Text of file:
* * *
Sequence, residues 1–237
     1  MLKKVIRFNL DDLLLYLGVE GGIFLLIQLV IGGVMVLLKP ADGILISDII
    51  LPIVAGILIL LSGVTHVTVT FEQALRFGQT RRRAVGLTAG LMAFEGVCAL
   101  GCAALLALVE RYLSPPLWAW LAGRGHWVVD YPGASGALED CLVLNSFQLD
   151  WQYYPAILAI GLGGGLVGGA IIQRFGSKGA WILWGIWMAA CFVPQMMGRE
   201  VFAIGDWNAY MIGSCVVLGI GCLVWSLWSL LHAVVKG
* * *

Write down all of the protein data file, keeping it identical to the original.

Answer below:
Sequence, residues 1–237
     1  MLKKVIRFNL DDLLLYLGVE GGIFLLIQLV IGGVMVLLKP ADGILISDII
    51  LPIVAGILIL LSGVTHVTVT FEQALRFGQT RRRAVGLTAG LMAFEGVCAL
   101  GCAALLALVE RYLSPPLWAW LAGRGHWVVD YPGASGALED CLVLNSFQLD
   151  WQYYPAILAI GLGGGLVGGA IIQRFGSKGA WILWGIWMAA CFVPQMMGRE
   201  VFAIGDWNAY MIGSCVVLGI GCLVWSLWSL LHAVVKG